For those about to dance (we salute you)

Diana Cardiff has a dark side.

After graduating with a BFA from Cornish College of the Arts, the gifted modern dancer thrived in the Pat Graney Company and with Wade Madsen and Dancers. She also co-founded the d9 Dance Collective.

But a decade-plus of dancing to thought-provoking pieces and esoteric music didn't stop Cardiff from embracing spandex, pouffy wigs, lots of dramatic make-up, and yes, AC/DC.

At Velocity MainSpace Theater, which, like Cardiff, is best known for its display of contemporary dance, she co-produced this month's "Buttrock Suites III ... sweetest."

The antithesis of contemporary dance, it's hip choreography, trashy costumes and pulsating rock music all crammed into a 11/2-hour spectacle.

"Buttrock Suites III ... sweetest" premieres 10 new pieces performed by local artists trained in modern dance.

"We wanted to have fun on the stage," said co-producer Jana Hill. "The dance that I've been part of has been a lot more on the serious side. And this show seemed like a risk."

But they love it.

Like kids on a playground, the professional dancers clap and sing as they boogie across the stage rehearsing for the show, often laughing so hard they're snorting.

A glimpse of Buttrock

The modern dancers may be rockin' out, but they can't disguise their roots. Years of ballet and jazz training, along with the unmistakably studied movements of their limber, disciplined bodies set them apart from your typical MTV dancer.

Strapped in corsets and clingy white gloves, five women strike pouty-lipped Marilyn Monroe poses as they gyrate to Aldo Nova's "Fantasy." Prancing while primping, they spray Aqua Net on their 'dos to complete "the look."

These wiggling booties set the tone for the first act of "Southern Comfort," a piece from "Buttrock Suites III ... sweetest," choreographed by Hill and Matt Mulkerin.

Act II: The guys ham it up, jiving to Foreigner's "Jukebox Hero." The women giggle (they'll have to contain themselves during actual performances), egging the trio on in their zombie-like moves and really fake guitar riffs.

Jumping, twirling and spinning ladies star in the third act as "Southern Comfort" goes from sexy to playful to full-on naughty.

Like the "Buttrock Suites," it's just a tease.

The women do the can-can and shake their stuff to Mötley Crüe's "Don't Go Away Mad (Just Go Away)."

Then Hill bares the "boob, double boob," twisting two white parasols in front of her breasts as she marches toward the audience.

Buttrock beginnings

Cardiff started this Seattle phenomenon about five years ago.

She recalls sitting in her 1971 Buick Skylark, listening to Boston, thinking, "this music is so dramatic it needs dance put to it."

Cardiff then attended a performance in which two artists — Mulkerin and Hill — choreographed a piece to Bon Jovi's "Wanted Dead or Alive."

She approached them about collaboration. It helped that each of the three had a lot of experience producing shows (Hill and Mulkerin founded Rockhopper Dance), Cardiff said. "So, we decided to go for it."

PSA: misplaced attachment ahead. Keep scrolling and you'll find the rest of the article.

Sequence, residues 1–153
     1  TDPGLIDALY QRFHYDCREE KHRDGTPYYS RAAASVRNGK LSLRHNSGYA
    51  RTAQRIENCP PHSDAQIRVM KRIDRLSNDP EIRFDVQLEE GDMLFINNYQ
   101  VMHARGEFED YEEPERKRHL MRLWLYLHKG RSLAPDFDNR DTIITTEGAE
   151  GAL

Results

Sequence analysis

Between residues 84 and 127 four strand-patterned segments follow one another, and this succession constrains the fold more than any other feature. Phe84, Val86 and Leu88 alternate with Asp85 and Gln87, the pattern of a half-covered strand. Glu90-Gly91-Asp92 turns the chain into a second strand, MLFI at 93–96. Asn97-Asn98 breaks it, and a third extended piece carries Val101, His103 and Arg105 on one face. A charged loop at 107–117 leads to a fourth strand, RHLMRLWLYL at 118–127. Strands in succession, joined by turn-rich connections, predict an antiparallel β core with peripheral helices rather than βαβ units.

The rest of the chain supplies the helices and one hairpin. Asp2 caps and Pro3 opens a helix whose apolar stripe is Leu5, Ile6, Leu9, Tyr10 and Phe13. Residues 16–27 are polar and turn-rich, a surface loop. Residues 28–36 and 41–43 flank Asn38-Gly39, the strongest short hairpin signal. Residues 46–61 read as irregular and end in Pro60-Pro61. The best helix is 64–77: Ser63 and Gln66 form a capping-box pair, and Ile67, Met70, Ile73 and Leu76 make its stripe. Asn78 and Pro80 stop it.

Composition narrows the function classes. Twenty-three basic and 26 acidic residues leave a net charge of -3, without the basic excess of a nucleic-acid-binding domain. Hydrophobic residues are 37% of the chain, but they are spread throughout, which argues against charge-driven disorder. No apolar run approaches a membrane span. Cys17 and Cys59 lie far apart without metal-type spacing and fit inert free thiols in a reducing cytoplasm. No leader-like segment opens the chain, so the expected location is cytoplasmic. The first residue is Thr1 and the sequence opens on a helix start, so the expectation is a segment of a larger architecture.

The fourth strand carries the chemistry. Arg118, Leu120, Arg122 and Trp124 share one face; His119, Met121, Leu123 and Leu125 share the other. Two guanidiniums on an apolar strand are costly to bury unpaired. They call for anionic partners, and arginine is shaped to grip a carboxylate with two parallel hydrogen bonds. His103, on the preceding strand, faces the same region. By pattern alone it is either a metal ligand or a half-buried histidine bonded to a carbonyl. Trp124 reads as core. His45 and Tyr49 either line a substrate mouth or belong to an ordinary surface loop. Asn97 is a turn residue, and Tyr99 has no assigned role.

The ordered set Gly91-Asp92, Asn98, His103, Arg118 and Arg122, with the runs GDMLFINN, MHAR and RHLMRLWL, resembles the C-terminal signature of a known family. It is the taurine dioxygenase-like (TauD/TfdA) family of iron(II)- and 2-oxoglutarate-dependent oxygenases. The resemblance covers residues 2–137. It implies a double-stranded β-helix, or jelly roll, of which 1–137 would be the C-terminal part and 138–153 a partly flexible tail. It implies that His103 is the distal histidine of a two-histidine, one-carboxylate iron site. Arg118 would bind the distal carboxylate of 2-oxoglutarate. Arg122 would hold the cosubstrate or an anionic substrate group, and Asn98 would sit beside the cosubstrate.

"Buttrock Suites" debuted at Velocity in 2003 to packed audiences for three performances in one weekend. "On opening night the crowd started stomping on the bleachers and pulling out lighters even before the lights came up [for the first number]," Hill said.

"Buttrock Suites II ... sweeter," opened in January 2005 at Velocity. This time, with six shows on two weekends. "It was sold out every night and we had to turn people away," said Cardiff.

So, "Buttrock Suites III ... sweetest" gets even more face time: nine shows, three weekends.

Define buttrock

Although Seattle's becoming more and more familiar with "Buttrock Suites," there's still no consensus to the age-old question, "What is buttrock?"

"It's rock music that is over-the-top but it has an underlying naïve sweetness to it," Cardiff said. "It's also subjective, because everybody has their own idea of what buttrock is."

Hill agrees.

"KISS is glam rock but are they buttrock? And there's arena rock. And Styx — they just went off the deep end — they went from [buttrock] to Mr. Roboto."

"I've got two" rules, said Mulkerin of what makes something buttrock-worthy. "Wailing guitar solos and wearing more makeup than women do."

He dismisses KISS as buttrock. "They have theatrical makeup, but they did a disco album."

It's not the battle over what's buttrock that lures the crowds to these shows. Why do they flock to "Buttrock Suites"?

"It's accessible. People who don't normally come to the theater [show] up," said Cardiff. "It's rock 'n' roll. It's nostalgic."

Judy Chia Hui Hsu: 206-464-3315 or

"Buttrock Suites" dancers in rehearsal include, from left, Sara Jinks, Pam Gregory, Liz Cortez, Jana Hill and Diana Cardiff. Creator Cardiff recalls listening to Boston, thinking, "this music is so dramatic it needs dance put to it." (JIM BATES / THE SEATTLE TIMES)

Coming up

"Buttrock Suites III ... sweetest," 8 p.m. Friday through Sunday until April 23, Velocity MainSpace Theater, 915 E. Pine St., second floor, $12 in advance, $15 at the door, reservations suggested (206-722-0963, information at